Tag Archives: new books

New books in the Wellcome Unit Library

We have some new books in the library this month on a wide variety of topic.  You can check out our latest acquisitions on LibraryThing or come into the Library and browse of new books display in Library Room 1. To arrange an appointment to visit the Library, please contact us.

Books that have arrived this month include:

spitting blogSpitting Blood: the History of Tuberculosis by Helen Bynum (OUP, 2012)
WEL shelfmark RC309.A1 BYN 2012

Bynum’s book spans from the ancient world to the continued struggle to combat tuberculosis today. Richard Evans gives a positive review of Spitting Blood in Times Higher Education.  Chapter 1 is available to read online as a PDF on the OUP website.

Other related books in the Wellcome:

  • Experiment Eleven: Deceit and Betrayal in the Discovery of the Cure for Tuberculosis by Peter Pringle RM666.S573 PRI 2012
  • Disease, Class and Social Change: Tuberculosis in Folkestone and Sandgate, 1880-1930 by Marc Arnold RA644.T7 ARN 2012
  • Tuberculosis and the Victorian Literary Imagination by Katherine Byrne PR149.T83 B97 BYR 2011

rabidRabid: A Cultural History of the World’s Most Diabolical Virus by Bill Wasik and Monica Murphy (Viking, 2012)
WEL shelfmark RC148 WAS 2012

Like Bynum, Wasik and Murphy track the history of rabies from early Mesopotamia through to the 21st century.  Written by a journalist and a veterinarian, this is a very accessible text, but nonetheless goes beyond gory stories and lists a wide variety of academic sources in its bibliography.

Read a review and listen to a podast interview with the authors on NPR.

Other related books in the Wellcome

  • Mad Dogs and Englishmed by Neil Pemberton and Michael Worboys RA644.R3 PEM 2007
  • Mad dogs and Meerkats by Karen Brown RA644.R3 BRO 2011

seaHealth, Medicine and the Sea: Australian Voyages c.1815-1860 by Katherine Foxhall (Manchester University Press, 2012)
WEL shelfmark HV8950.A8 FOX 2012

Katherine Foxhall’s book traces the journeys of travellers from Britain to Austrialia, using their journey as the structure for her text.  She also discusses the health of convicts.  Examples of individuals are used to highlight her text. Foxhall examines how the changing environment on the journey to Austrialia affects conceptions of health.

Related books in the Wellcome:

  • Health and Medicine at Sea 1700-1900 by David Haycock and Sally Archer RC986 HEA 2009
  • Doctors at Sear: Emigrant Voyages to Colonia Australia by Robin Haines RA553 HAI 2005

The Great Manchurian Plague of 1910-1911: the Geopolitics of an Epidemic Disease by William Summers (Yale University Press, 2012)
WEL shelfmark RC178.C6 SUM 2012

Returning to the realm of infectious diseases, Summers’ book focuses on political and economic aspects of the plague, which involved Chinese, Japanese, Russian and  powers.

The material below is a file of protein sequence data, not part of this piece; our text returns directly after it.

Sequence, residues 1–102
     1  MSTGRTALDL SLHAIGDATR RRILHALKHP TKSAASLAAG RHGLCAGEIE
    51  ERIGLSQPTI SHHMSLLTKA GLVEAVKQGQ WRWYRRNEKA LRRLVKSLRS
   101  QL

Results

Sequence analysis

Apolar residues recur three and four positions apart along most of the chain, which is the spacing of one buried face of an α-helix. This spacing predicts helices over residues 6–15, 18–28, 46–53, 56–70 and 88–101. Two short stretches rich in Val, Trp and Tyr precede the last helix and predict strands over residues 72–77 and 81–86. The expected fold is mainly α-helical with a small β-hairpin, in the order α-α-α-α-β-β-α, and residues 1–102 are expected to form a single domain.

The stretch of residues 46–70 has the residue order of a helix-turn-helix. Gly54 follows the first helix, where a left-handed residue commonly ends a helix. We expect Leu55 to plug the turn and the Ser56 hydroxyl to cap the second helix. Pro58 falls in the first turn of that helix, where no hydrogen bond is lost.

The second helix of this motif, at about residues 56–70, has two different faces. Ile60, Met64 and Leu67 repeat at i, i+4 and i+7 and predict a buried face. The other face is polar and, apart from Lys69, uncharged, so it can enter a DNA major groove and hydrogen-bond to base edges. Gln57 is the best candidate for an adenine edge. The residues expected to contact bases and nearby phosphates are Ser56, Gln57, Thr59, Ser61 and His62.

Related book in the Wellcome:

  • Health and Hygiene in Chinese East Asia: Politics and Publics in the Long Twentieth Century by Qizi Liang and Charlotte Furth RA527 HEA 2010

Related Links Search SOLO Library CatalogueSee our latest acquisitions on LibraryThing | Recommend a book for us to buy | Contact Us

New books in the Wellcome Unit Library

We have added some new titles to our book display in Library Room 1.  You can keep up to date with all our new acquisitions on LibraryThing or subscribe to our new books RSS feed.

Contagions: how commerce has spread disease
by Mark Harrison (Yale, 2012)
WEL shelfmark: RA651 HAR 2012

Written by the director of the Wellcome Unit for the History of Medicine at the University of Oxford, Professor Mark Harrison, this books examines the relationship between disease and the social, political and economic effects of commerce.

The Deepest Sense: A Cultural History of Touch
by Contance Classen (University of Illinois Press, 2012)
WEL shelfmark: GN279.T68 CLA 2012

Dr Classen‘s latest volume on the senses examines the history of the sense of touch from the medieval to the modern period.  The author’s previous works (also available in the Bodleian Libraries) include The Book of Touch (2005) and Aroma: the cultural history of smell (1994)

Doctor Do-Good: Charles Duguid and Aboriginal Advancement, 1930s-1970s
by Rani Kerin (Australian Scholarly Publishing, 2011)
WEL shelfmark: GN666 KER 2011

Dr Charles Duguid was a Scottish doctor who moved to Austrialia and campaigned for the civil rights of Austrialian Aborigines.  This book is based on Dr Kerin‘s PhD thesis on Dr Duguid.

Duelling Surgeon, Colonial Patriot: The Remarkable Life of William Bland
by Robert Lehane (Austrialian Scholarly Publishing, 2011)
WEL shelfmark: DU172.B47 LEH 2011

William Bland was a London-born surgeon who was sent to Australia as a prisoner after a duel. He was actively involved in many aspect of Austrialiam society, including legislative development, the founding of eductional and medical institutions and a doctor and surgeon who published in various medical journals.

Related Links Contact Us | Recent Acquisitions on LibraryThing | Search for books on SOLO

New History of Medicine journal subscription

Histoire, Medecine et Sante

The Bodleian Libraries have subscribed to a new French History of Medicine journal entitled: Histoire, Medecine et Sante.  The peer-reviewed journal, which is from the University of Toulouse II, will be published twice a year and include research articles, discussion of sources and historiography and reviews in English and French. Article summaries are provided in French and English at the end of the issue.

Pudeurs

The topic of the first issue is “pudeurs” which translates as modesty in English.  Articles include Anne Carol on medical cadavers and Elsa Nicol on women with cancer in the 19th century.  There is also a book review of Morbid Curiosities : Medical Museums in Nineteenth-Century Britain (OUP, 2011), which is available to consult in the Wellcome Unit Library and the Bodleian Library’s Gladstone Link, as well as electronically as an ebook.

Available to consult